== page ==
This student has to find Kate by asking the other students, "What's your name? Find the person race. For larger classes, students from two teams can race to see who finds their name-card first.
The winning team gets a point. Extra: What's this in English? What's this in Japanese? Three card shuffle. Students in pairs have three cards. Student A puts the cards face up on the table. Student B tries to remember the order. Then the cards are turned face down, and student A can make three changes to their positions by changing two cards at a time, slowly. Student A then asks, "What's this? Student B tries to remember: "It's a pen.
Each student starts with three cards. Students pair up and do SPS.
The loser has to select one of their cards. Then they show it to the winner and ask, "What's this?
Then they change to work with other partners. The aim is to get the most cards and not lose any. When several students have lost all their cards, stop the game. What's missing? Students in pairs have all eight cards. Be the first to review this item site Best Sellers Rank: Tell the Publisher! I'd like to read this book on Kindle Don't have a Kindle?
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Back to top. Get to Know Us. site Payment Products. English Choose a language for shopping. We should give children lots of practice time in class.
If your students do not have exposure to English outside of class, this is the only time they will be able to practice. In Japan our once-a-week lessons are only 35 to 45 hours a year.
Therefore we have to make every lesson an intensive one so that they can remember each one six days later when we meet again. An intensive lesson does not mean study, study, study!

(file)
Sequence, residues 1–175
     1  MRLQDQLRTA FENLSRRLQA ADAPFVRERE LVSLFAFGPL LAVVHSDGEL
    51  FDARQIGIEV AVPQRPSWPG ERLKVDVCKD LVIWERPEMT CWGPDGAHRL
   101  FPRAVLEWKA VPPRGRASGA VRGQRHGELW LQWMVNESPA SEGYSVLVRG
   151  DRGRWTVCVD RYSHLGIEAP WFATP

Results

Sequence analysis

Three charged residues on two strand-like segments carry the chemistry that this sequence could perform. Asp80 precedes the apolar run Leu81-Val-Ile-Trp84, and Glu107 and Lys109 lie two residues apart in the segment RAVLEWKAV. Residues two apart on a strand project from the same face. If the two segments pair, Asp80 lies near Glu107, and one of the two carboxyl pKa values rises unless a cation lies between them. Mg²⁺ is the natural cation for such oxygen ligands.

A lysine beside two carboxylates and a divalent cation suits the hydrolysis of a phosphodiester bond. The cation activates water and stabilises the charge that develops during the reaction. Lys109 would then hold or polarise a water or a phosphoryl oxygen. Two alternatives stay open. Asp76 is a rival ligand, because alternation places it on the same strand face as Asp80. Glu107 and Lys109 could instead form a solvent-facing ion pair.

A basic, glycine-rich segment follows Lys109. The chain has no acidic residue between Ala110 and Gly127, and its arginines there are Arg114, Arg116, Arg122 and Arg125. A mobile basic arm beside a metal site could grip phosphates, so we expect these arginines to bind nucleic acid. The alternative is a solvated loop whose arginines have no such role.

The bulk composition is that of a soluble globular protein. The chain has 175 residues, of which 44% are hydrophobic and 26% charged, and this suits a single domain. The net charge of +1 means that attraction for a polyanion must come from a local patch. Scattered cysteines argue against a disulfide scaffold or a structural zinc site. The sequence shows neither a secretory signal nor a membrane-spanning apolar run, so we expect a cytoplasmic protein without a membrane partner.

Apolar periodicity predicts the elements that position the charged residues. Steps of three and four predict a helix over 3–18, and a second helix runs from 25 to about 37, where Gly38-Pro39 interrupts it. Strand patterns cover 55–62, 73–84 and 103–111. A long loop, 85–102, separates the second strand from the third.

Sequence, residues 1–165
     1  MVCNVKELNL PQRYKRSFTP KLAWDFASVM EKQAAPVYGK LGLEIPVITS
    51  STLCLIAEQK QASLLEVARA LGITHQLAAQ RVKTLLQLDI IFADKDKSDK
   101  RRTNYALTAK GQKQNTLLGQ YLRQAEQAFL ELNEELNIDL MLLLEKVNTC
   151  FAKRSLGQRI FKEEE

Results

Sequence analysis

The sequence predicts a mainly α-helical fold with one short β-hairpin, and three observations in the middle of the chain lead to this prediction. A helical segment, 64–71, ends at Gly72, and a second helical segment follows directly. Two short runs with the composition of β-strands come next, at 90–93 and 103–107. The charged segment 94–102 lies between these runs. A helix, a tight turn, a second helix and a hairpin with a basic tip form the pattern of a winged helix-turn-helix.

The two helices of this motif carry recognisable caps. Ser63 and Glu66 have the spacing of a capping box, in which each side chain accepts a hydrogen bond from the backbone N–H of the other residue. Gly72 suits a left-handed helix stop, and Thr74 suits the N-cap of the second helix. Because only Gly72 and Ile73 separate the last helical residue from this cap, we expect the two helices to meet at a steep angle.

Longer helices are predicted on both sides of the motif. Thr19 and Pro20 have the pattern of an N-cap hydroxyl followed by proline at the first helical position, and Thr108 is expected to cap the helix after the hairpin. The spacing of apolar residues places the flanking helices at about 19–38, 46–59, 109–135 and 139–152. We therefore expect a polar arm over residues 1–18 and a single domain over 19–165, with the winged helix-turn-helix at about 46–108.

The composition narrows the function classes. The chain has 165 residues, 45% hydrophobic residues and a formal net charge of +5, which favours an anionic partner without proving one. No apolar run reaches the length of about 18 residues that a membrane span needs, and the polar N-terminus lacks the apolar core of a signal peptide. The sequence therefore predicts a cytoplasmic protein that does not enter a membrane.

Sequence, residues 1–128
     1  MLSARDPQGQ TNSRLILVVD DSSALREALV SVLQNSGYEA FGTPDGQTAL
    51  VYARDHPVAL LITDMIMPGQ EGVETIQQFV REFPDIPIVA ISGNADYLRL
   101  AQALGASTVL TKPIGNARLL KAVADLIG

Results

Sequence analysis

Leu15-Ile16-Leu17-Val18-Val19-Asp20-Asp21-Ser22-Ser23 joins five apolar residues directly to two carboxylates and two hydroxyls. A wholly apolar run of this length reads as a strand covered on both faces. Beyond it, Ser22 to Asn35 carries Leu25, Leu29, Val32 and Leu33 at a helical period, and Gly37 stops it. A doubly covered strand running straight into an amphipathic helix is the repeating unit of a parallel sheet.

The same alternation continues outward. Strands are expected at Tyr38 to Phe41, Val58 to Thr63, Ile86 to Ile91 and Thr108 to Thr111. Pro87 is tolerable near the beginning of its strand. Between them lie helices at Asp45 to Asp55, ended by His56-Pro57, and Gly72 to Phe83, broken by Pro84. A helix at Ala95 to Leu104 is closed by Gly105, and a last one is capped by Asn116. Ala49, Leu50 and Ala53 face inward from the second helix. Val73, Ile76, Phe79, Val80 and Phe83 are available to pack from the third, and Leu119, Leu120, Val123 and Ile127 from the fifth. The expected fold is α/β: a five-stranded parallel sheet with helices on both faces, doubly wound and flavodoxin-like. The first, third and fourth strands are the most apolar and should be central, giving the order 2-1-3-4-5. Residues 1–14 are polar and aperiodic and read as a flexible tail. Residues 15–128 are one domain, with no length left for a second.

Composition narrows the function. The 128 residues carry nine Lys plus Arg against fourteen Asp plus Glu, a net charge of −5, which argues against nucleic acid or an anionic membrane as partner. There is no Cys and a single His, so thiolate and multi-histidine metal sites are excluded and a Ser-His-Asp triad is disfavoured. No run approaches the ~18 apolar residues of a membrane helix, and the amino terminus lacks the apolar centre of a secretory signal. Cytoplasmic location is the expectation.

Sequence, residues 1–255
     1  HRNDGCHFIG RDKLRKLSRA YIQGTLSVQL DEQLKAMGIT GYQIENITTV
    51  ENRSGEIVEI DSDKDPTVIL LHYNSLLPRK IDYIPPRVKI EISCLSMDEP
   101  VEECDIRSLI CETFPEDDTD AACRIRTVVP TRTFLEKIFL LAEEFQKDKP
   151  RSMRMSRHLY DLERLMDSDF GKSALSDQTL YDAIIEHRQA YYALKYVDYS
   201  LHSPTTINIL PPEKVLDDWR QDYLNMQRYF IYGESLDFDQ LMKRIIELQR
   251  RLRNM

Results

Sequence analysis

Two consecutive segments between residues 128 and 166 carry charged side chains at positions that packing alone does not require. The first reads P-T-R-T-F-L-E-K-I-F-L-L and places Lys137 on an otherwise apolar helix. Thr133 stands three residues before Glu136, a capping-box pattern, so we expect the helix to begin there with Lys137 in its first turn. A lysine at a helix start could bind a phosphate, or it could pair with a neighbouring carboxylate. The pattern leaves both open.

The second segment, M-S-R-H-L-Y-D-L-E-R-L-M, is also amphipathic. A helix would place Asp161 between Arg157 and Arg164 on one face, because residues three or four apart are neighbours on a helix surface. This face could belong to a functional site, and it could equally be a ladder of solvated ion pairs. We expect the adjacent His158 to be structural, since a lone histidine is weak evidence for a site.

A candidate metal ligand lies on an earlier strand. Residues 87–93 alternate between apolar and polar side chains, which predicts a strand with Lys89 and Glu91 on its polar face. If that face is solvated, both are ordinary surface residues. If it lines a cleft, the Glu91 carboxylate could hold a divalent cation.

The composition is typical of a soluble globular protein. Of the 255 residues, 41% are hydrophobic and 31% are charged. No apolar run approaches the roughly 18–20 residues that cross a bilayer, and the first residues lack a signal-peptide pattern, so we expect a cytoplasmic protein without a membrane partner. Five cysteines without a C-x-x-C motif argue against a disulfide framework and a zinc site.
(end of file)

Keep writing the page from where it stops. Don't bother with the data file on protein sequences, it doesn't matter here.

An intensive lesson can be a lot of fun and even more interesting than a slow-paced lesson. Children concentrate better when there is rhythm to the lesson.
They speak out more when they get a chance to do quick, short drills instead of one long one. They are more active when they can talk to each other and not only to the teacher.
They are motivated, concentrate more and enjoy their lessons. Emotions affect learning and, if they are having fun, learning and concentrating, they will remember the lesson! Motivation and a sense of progress play a big part in student attitudes. Once children are able to remember their lessons, they will have more confidence and will be motivated to learn and remember more.
Output is important! To help our students remember better, our lessons should concentrate on a lot of output from the students. Not only speaking naturally with speed, rhythm, good intonation and pronunciation, but also reading and writing. Listening is also important, as it is an active skill that requires concentration and understanding. With a variety of techniques, we can cover the different learning styles of the students as well.
Instead, it is more interesting to pre-teach the lesson before looking at the text. This way, the students will pay attention to the teacher, and the cards and other materials that are used. Visual aids will help slower learners by allowing them to see as well as hear the words.